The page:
The High Street Store


Building owner/client:

The High Street Store

Architect or lead designer:

Sundeep Salins

Local Authority Area:

Perth & Kinross

Nominating Body:

Coupar Angus and Bedochy Community Council

Project Description

The buildings at The Cross, a small square at the heart of Coupar Angus, were mostly renovated thanks to a grant from the Townscape Heritage Initiative a decade ago. But one small building, Meg’s Cafe, was left undeveloped and unloved. And then, in 2015, the Scottish Government launched its Town Centre Community Capital fund and so the local development trust, Forward Coupar Angus (FCA), applied. As FCA said in its application … ‘Occasionally circumstances conspire in a way which can benefit all. The small, award winning Perthshire town of Coupar Angus would benefit from a community shop. Forward Coupar Angus is developing a set of businesses which would use the shop as a retail outlet. The owner of the last remaining undeveloped building at The Cross, in the centre of Coupar Angus, has offered the property for sale to FCA. A relatively small, but significant proportion of the funds required to purchase the property have been pledged by individuals and organisations in the town, but the owner is keen to sell quickly and the remaining funds are needed urgently. Then the Town Centre Community Capital Fund is launched. Bring all these things together and by the end of March 2016 Coupar Angus could have its own thriving Community Shop at The Cross, the physical, social and cultural hub of the town. Currently the attractive nature of The Cross is significantly marred by the empty semi-derelict and vacant Meg’s Cafe, the very property that FCA wishes to purchase. Redevelopment of this property would be the last piece in the modernisation of the town centre jigsaw. Its redevelopment for the benefit of the community would be a unique opportunity that cannot repeated.’ Amazingly the project was funded, FCA bought the building, local architect Sundeep Salins was appointed to manage the project and local tradesmen were employed to upgrade the building. By June 2016 the town had a new ‘High Street Store’ and it was opened by the original Meg, local resident Margaret Whyte. Our new store is dedicated to selling local products. We have vegetables from the FCA community garden and crafts from the local arts and crafts group ‘Showcase’. And since June 2016 the store has been run by a willing, enthusiastic and growing band of volunteers. Now FCA have offices to operate from and the confidence to start other building renovation projects in the town. A number of local artists and craft workers, some exhibiting their works for the first time, have a ‘home’ from which to sell their projects. And the volunteers in the community garden have the fun of seeing people enjoy the ‘fruits’ of their work.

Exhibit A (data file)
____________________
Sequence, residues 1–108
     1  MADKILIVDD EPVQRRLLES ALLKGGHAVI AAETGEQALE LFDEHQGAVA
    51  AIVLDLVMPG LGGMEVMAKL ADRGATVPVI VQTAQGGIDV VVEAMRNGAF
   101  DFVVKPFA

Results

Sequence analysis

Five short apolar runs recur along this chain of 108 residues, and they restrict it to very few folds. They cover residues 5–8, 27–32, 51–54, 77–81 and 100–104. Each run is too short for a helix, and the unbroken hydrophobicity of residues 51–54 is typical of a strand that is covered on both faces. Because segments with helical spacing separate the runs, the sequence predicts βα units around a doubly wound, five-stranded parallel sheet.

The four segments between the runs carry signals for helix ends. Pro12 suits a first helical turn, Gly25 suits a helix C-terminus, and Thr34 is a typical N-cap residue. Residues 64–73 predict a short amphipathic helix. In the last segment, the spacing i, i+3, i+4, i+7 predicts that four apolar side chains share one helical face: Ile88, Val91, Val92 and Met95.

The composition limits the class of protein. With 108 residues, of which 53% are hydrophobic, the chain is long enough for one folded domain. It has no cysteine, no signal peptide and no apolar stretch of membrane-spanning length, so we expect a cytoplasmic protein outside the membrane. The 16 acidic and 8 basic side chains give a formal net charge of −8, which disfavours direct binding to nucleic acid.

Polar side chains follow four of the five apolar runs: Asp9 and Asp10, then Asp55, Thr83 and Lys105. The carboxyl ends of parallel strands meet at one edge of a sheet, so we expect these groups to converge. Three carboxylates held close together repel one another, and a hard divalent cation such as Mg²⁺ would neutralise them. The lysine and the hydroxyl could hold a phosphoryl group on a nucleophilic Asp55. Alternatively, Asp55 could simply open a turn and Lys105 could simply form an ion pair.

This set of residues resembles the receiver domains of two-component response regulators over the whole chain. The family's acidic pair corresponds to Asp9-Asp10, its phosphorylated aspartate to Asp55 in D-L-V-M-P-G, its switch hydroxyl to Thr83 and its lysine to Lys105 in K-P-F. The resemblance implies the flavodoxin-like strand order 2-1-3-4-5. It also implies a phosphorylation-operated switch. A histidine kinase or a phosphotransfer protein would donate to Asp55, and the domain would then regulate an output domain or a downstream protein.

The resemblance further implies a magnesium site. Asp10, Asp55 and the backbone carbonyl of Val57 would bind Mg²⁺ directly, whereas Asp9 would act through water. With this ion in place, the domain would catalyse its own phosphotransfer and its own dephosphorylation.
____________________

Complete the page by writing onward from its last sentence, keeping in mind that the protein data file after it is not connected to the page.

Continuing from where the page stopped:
Supporting Statement

The Meg’s Cafe project has been nominated because it meets all of the criteria listed in the guidance notes. It is a small building but its negative impact on a town, most of whose prominent buildings had been beautifully restored, was disproportionate. A local group of handymen, helped by a local artist, and young people form a local church youth group, did their best to beautify the building and to reduce its impact as an eyesore. But, if you looked closely, it was very apparent that the underlying building was unloved. Meg’s Cafe is small, indeed it is very small. Our architect worked very hard to ensure that we maximised the use of space in the building, we obeyed all the building regulations, that our use of electricity to heat and light the building would be a minimum, that we had a comfortable and secure office for the trust and that our inevitable overspend was minimised. All of these were achieved in the final design. From the award of the grant to the opening of the Store took less than 5 months. Forward Coupar Angus has been very gratified by the support and involvement from the local community. In many community surveys, in the last decade, Meg’s Cafe was always identified as a problem in the town. I doubt that anyone expected Forward Coupar Angus, which had no experience of renovation projects, to pick up the project, run with it and deliver an attractive entity to the town. The activities of FCA have certain been rewarded by the enthusiasm of the volunteers for the Store and for the local people using it. FCA is always looking for new uses for the Store and recently it became the focus of distribution of free food from the Tesco ‘FairShare’ scheme. We are currently looking to use the store to allow residents to sell vintage clothes on certain, special days. The achievement of the project is clear for all to see. The difficulties faced were first, convincing the owner to sell the property to the trust, that took around 2 years. Next raising the funds for the project though, as described in the ‘Summary of the Project’ FCA had a huge slice of luck. However, the TCCCA initiative was oversubscribed around 8 fold so getting the grant was quite an achievement. And finally fitting everything that we wanted into a tiny space was a real challenge. But the building project was delivered by a group of trustees with no experience of building renovation and our High Street Store is now being enjoyed by volunteers, residents in the town and visitors to Coupar Angus.